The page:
Welcome to the Evidence Act 2008

This blog was started back when the Evidence Act 2008 was nothing more than a gleam in Parliament's eye. It was an attempt to further understanding of some challenging new legislation when information about it was difficult to find.

Since then, many authors and luminaries have turned their minds to the complex issues the Act obliges Victorian lawyers to engage with. A blog devoted exclusively to this one piece of legislation isn't necessary, and is impossible for us to give the attention it deserves.

If you're looking for a more conventional blog posting on topical legal issues, have a look at Quis Custodiet Ipsos Custodes? by the same authors.

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35. Effect of calling for production of documents

35. Effect of calling for production of documents

(1) A party is not to be required to tender a document only because the party, whether under this Act or otherwise-

(a) called for the document to be produced to the party; or

(b) inspected it when it was so produced.

(2) The party who produces a document so called for is not entitled to tender it only because the party to whom it was produced, or who inspected it, fails to tender it.

The Explanatory Memorandum explains the purpose of s 35,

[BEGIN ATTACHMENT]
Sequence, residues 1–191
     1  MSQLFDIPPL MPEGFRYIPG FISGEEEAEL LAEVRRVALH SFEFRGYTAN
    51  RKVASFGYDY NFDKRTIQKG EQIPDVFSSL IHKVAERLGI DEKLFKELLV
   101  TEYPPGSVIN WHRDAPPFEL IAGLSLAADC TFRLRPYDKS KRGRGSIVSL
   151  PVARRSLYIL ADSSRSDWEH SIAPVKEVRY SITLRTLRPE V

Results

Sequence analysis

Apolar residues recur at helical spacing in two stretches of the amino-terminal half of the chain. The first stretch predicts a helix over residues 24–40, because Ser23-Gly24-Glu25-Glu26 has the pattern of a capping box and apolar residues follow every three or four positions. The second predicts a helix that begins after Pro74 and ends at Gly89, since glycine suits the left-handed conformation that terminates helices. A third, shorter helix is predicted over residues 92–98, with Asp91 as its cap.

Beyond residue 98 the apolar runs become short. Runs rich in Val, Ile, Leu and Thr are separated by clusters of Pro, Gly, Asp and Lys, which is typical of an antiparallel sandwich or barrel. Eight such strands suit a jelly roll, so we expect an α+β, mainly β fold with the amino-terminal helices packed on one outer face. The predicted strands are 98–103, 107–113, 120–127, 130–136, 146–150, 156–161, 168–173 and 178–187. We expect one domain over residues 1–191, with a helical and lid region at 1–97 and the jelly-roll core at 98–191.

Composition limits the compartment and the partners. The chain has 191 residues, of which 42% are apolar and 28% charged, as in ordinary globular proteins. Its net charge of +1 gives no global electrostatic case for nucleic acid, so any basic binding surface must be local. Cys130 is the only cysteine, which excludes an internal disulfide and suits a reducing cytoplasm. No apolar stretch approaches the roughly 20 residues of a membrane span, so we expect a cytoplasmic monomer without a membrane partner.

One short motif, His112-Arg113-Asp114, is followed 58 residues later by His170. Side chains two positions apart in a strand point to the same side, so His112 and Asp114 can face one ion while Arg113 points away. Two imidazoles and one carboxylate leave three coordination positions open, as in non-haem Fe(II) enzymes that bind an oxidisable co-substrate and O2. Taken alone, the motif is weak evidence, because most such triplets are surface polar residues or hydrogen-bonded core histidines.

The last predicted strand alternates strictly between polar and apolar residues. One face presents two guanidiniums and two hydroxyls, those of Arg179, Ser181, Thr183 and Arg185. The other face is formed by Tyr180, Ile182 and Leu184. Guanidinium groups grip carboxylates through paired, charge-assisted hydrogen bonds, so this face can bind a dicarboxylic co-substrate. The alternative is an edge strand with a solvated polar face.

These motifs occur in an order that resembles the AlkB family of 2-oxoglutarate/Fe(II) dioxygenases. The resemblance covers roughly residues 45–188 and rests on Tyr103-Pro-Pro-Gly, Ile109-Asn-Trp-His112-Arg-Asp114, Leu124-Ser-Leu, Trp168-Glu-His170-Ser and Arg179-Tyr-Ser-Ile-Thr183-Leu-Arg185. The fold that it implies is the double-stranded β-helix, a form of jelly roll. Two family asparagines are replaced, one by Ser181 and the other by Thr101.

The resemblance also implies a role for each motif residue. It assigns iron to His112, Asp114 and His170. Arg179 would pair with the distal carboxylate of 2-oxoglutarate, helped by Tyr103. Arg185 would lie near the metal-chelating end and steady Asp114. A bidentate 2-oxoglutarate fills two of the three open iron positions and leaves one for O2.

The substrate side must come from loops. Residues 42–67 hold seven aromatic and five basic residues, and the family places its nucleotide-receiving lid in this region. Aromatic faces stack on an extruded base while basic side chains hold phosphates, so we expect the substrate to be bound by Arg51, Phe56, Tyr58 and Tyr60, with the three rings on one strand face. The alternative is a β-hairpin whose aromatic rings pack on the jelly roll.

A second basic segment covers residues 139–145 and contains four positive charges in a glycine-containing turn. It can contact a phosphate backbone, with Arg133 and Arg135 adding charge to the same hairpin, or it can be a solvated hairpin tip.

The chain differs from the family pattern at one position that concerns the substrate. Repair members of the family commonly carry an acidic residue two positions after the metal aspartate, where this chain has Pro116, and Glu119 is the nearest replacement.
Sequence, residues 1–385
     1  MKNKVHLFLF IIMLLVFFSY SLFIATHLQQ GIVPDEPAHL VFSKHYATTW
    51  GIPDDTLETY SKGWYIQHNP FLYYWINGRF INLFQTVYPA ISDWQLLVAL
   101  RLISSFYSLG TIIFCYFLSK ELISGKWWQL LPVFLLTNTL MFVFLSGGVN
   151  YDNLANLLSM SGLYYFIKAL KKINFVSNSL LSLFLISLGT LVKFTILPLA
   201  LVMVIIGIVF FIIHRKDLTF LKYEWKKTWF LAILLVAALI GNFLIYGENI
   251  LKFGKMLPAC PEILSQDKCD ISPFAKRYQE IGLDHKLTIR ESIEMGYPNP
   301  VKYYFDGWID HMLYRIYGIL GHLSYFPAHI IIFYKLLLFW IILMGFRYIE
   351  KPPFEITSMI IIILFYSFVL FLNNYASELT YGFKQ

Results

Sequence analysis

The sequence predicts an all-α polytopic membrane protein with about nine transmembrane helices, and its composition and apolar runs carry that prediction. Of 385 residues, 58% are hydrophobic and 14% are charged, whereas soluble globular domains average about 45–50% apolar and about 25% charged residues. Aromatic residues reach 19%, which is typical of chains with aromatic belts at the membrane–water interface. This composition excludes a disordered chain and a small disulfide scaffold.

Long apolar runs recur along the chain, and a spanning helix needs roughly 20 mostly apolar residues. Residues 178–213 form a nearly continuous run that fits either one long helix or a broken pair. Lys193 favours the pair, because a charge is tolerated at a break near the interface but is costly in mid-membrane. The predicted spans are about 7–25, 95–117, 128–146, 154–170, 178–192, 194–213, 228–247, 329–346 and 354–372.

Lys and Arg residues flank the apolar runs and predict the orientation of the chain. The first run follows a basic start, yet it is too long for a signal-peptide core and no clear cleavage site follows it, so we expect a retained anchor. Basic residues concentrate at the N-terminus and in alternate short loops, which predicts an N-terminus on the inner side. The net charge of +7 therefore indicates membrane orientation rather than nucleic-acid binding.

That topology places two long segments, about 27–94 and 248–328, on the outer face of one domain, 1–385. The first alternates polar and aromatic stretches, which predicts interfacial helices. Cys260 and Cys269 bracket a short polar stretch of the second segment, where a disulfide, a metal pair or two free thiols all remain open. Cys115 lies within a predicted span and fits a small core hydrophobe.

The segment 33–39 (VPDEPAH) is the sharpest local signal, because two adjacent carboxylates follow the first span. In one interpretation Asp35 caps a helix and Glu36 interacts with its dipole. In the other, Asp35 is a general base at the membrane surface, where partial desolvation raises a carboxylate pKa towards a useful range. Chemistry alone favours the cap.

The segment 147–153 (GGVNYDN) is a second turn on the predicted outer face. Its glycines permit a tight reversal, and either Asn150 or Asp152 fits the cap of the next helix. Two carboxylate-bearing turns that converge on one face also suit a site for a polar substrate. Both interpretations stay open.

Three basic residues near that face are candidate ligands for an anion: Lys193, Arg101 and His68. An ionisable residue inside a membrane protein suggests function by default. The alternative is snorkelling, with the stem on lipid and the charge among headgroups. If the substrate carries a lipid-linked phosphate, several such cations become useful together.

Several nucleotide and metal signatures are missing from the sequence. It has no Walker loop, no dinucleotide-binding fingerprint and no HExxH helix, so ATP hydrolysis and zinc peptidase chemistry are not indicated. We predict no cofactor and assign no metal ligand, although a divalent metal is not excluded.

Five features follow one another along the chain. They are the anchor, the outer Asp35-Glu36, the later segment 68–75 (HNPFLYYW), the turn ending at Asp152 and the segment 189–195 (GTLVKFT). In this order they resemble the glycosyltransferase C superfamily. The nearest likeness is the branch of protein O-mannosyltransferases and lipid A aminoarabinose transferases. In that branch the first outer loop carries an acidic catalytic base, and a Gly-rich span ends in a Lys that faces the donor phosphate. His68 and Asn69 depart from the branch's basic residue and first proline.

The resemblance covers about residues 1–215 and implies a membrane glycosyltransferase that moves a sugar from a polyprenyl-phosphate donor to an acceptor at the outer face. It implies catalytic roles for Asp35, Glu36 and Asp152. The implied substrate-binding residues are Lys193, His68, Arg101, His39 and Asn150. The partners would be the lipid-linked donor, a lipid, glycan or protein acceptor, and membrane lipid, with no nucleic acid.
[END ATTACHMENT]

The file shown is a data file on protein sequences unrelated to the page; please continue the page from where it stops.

[The section] provides that a party who calls for another party's document is not automatically required to tender it. Similarly, the party who produces the document is not automatically entitled to tender it if the calling party does not tender it.

This clause abolishes the rule in Walker v Walker (1937) 57 CLR 630. Under that rule, the party called on to produce a document may require the party who called for and inspected the document to then tender the document. This means that a document that may otherwise be inadmissible could be admitted under this rule. This clause removes the automatic right of either party to tender a document or require the other party to tender a document.

The clause does not, however, preclude the tendering and admission of such a document if it is otherwise relevant and admissible.

It should be noted that while s 35 is intended to abolish the principle in Walker v Walker, it refers only to the calling for documents. This section may not overturn the common law position of cross-examination on an otherwise inadmissible document described in R v Vella [2006] VSCA 248.


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